The holiday season is the most joyous time of year. It’s a time when we gather with family, including our beloved pets, to celebrate, eat, drink, and be merry — and safe. We must be especially vigilant during the holidays about the special hazards and risks that this time of year poses for our pets.

  1. Chocolate contains a stimulant called theobromine. Like caffeine, it’s tasty, but is severely poisonous to cats and dogs.

  2. Mince Pies and Christmas Puddings. All grapes, raisins, currants and sultanas are toxic. Absolutely no mince pies for your pooch, not even a nibble.

  3. Tinsel looks like a lot of fun to play with for our pets. But tinsel can cause dangerous blockages in an animal’s stomach.

  4. Macadamia nuts are often found in Christmas snacks. These nuts cause severe illness in dogs.

  5. Garlic, chives and onion, which are found in festive foods such as gravy, stuffing, and sausages, are poisonous to dogs.

  6. Snow Globes. Imported versions can contain antifreeze. As little as one tablespoon can be fatal for a cat.

  7. Candles may create a cozy atmosphere, but candle flames can burn paws and the curious noses of our furry friends. There’s also risk of them falling over when brushed against.

  8. Fairy Lights. Cats are curious and will try to chew on anything, including fairy lights – which can burn and even electrocute them.

  9. Alcohol can cause severe liver and brain damage in animals. As little as a tablespoon can lead to severe problems for your cat or dog.

  10. Other hazards.
  • Salt dough ornaments – the mix of flour and salt with water can cause a fatal salt toxicosis.
  • Christmas foliage like poinsettia, mistletoe and ivy– all of which are mildly toxic to both cats and dogs.
  • Wrapping paper – eating a large amount of paper could cause an obstruction in your pet’s stomach.
  • Lilies are extremely dangerous for cats. Eating just two or three leaves, or even drinking water from a vase containing them can be potentially fatal.
  • Don’t forget the warning about the dangers of walking your dogs in the snow without booties and having their sensitive paws subject to salt.
If your pet has eaten anything potentially harmful, you should call the Bay Street Animal Hospital team immediately at 718-420-9100. We’re here for you and your pet 24/7.

Dog (and Cat) Days of Summer Bash at BSAH

On Wednesday, August 15, the staff at Bay Street Animal Hospital joined long-time clients, friends, and a lot of their pets at an almost-end-of-summer block party celebration.

It had rained for days. But that evening the weather cooperated brilliantly. On a perfect summer night from 6 – 10pm, the crowd enjoyed ice cream, hot dogs, pizza, and each other’s company, and had a chance to tour our newly-renovated facility.

Photo montage showing people and doctors having fun at the annual hot dog and pizza party at Bay Street Animal Hospital
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Backyard Dog Run Added at Bay Street Animal Hospital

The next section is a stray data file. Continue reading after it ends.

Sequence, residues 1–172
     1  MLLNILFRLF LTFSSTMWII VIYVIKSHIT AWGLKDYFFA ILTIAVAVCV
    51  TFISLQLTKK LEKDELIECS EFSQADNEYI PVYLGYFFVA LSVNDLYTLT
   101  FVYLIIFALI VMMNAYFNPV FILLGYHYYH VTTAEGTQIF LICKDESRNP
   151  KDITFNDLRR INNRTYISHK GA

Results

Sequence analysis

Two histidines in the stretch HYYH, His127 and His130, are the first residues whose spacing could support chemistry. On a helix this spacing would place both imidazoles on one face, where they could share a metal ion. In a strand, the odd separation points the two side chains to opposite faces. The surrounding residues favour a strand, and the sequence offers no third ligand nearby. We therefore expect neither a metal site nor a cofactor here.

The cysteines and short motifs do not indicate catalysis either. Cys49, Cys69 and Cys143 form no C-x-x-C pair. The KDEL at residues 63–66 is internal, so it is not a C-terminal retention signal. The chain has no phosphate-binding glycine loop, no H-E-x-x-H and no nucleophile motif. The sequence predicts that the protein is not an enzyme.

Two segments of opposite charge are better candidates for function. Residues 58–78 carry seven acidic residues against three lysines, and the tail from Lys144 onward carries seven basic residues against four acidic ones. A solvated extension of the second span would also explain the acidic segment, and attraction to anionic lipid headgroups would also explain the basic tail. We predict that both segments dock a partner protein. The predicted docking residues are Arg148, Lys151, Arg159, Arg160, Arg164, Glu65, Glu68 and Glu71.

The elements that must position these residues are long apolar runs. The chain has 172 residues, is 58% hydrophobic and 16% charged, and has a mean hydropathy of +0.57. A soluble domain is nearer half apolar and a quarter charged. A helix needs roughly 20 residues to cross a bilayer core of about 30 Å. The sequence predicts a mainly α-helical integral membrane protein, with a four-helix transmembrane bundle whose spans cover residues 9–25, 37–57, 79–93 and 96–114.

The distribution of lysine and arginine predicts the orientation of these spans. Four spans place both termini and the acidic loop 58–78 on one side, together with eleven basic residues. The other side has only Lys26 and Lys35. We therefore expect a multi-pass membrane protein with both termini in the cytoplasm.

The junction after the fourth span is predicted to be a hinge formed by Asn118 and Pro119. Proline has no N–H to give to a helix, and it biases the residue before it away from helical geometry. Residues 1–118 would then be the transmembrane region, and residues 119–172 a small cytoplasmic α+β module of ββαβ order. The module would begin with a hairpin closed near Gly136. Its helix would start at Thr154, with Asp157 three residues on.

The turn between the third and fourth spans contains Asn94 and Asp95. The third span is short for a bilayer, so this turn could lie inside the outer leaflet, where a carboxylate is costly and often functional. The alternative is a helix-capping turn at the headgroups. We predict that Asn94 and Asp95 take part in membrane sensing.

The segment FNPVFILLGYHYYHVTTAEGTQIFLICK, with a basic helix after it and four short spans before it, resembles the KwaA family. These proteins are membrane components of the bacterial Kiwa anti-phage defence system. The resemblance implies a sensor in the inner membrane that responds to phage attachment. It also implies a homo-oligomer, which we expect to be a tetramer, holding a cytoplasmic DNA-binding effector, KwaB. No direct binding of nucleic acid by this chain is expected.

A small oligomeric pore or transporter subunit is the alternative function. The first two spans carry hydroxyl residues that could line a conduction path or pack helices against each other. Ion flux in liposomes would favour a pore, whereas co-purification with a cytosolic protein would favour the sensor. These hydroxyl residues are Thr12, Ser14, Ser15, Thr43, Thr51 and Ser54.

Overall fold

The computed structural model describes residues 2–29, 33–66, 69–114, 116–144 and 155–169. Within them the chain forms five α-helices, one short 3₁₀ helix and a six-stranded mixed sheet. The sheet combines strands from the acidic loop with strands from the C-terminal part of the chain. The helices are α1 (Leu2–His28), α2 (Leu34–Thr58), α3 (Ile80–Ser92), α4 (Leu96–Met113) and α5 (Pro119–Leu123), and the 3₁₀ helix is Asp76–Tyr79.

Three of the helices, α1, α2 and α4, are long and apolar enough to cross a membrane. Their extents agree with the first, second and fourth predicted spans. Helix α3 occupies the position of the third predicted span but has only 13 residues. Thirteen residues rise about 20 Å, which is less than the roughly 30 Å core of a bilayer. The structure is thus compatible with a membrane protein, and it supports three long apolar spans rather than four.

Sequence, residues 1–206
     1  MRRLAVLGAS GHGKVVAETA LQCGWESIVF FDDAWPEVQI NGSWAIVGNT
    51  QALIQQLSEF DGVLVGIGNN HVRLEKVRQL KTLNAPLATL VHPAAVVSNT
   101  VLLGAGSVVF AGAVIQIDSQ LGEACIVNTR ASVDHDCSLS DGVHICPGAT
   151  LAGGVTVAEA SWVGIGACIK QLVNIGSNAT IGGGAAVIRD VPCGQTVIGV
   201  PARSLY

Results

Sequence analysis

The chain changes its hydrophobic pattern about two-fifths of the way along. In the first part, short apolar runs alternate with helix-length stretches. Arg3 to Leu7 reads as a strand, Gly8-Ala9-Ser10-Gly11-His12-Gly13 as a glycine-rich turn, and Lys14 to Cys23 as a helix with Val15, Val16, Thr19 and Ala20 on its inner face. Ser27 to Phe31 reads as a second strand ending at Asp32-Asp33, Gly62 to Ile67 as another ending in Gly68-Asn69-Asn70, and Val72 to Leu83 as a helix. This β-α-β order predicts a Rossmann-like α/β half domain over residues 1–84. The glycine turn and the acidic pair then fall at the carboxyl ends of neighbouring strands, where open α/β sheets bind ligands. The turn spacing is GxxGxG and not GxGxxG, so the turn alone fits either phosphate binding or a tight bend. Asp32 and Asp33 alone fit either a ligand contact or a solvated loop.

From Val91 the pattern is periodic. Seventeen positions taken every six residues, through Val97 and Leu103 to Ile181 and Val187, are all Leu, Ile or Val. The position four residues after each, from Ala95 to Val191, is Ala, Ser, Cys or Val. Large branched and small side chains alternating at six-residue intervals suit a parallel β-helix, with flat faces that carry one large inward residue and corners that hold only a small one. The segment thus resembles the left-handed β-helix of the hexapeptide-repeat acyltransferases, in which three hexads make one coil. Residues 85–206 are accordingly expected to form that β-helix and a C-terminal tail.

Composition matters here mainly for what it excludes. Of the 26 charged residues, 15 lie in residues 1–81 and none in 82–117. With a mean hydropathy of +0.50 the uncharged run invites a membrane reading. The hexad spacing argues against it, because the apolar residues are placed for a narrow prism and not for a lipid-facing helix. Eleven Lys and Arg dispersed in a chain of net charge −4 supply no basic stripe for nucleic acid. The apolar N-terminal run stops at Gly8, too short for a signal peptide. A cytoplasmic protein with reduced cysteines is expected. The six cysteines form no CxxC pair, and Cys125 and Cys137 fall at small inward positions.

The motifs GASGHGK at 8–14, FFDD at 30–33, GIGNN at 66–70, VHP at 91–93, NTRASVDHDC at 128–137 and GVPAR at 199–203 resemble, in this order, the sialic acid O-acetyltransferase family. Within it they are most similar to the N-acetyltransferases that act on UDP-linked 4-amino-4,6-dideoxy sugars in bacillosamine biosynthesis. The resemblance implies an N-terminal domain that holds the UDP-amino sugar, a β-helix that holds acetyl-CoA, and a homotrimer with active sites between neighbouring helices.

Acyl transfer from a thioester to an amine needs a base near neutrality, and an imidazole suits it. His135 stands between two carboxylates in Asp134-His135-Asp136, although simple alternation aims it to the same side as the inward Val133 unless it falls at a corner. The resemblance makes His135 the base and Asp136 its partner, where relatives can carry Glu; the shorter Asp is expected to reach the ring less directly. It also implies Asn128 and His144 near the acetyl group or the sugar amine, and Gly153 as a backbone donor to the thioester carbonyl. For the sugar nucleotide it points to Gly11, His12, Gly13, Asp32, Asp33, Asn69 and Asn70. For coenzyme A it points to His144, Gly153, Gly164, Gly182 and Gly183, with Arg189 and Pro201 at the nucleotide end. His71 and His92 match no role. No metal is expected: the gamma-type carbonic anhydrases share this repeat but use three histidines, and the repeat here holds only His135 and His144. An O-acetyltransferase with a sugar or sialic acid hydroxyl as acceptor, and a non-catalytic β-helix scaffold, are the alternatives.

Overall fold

A recent article in the New York Times documented the fact that Staten Island contains the largest population of large dogs of New York City’s five boroughs (dogs over 50 pounds as a percentage of total dogs owned per borough).

Run with the Big Dogs (and the Small Dogs). This April, BSAH added a cutting-edge outdoor dog run to our backyard. Dogs whose loving owners book them for a stay at BSHA’s Luxury Pet Hotel receive many VIP guest amenities, including the opportunity to exercise in the run — rain or shine. The 1,100-square foot dog run, open to dogs of all sizes, is completely protected from the weather by overhead cover.
360° Panorama – Dog’s Eye View

It’s All About the Sanitation (and the French Drains).
Bay Street’s dog run represents the latest developments in sanitation. The only thing not cutting edge about our dog run is our grass — there is none. A top layer of protection is provided by a proprietary maintenance-free 100% permeable artificial turf and backing that allow all liquids and solids to be washed away and completely drained at 250 inches per hour without back-up. Below ground level, a system of French drains — perforated pipes — redirects water washed from the surface away from the area of the dog run.

Detailed graph describing the French Draoins in the Dog Run at Bay Street Animal Hospital
Other Dog (and Cat) Amenities. While you and your family go on vacation, boarding your beloved pet at BSAH provides the perfect opportunity for your pet’s annual check-up and grooming needs. Besides our Destination Hotel for dogs, we also provide boarding for cats at our Kitty Korner. Our Pet Hotel page lists the many benefits and perks, including a complimentary bath for pets who stay more than three days and a 10% discount on our boarding guests’ grooming needs.

And Furthermore. Behind BSAH’s outdoor dog run there is a separate staff residence, where a member of our staff is on call 24/7. That makes us the only hotel in the world where the staff gets to live with the dogs.
Video – Drone’s Eye View
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And Still Growing…

Bay Street Animal Hospital proudly announces the addition of Dr. Thomas Parker to our senior veterinary staff. Dr. Parker has over 30 years of experience in treating animals of various sizes in the U.S. and abroad.

Dr. Parker was born and raised in Brooklyn. He received a Bachelor of Science (Biology) from St. Francis College, Brooklyn. He completed his graduate work at Gregorio Araneta University, Manila, Philippines, where he received his Doctorate of Veterinary Medicine.

From 2001 – 2017, Dr. Parker was owner/partner of the Park Slope Veterinary Care facility. He is known for his calm, caring nature and his ability to communicate with pet owners and co-workers.

His exceptional skills include radiology and ultra sound diagnostics, emergency medicine, nutritional medicine, and teaching. His extensive background in the U.S and internationally includes working with farm and marine animals. Dr. Parker is also a certified SCUBA diver.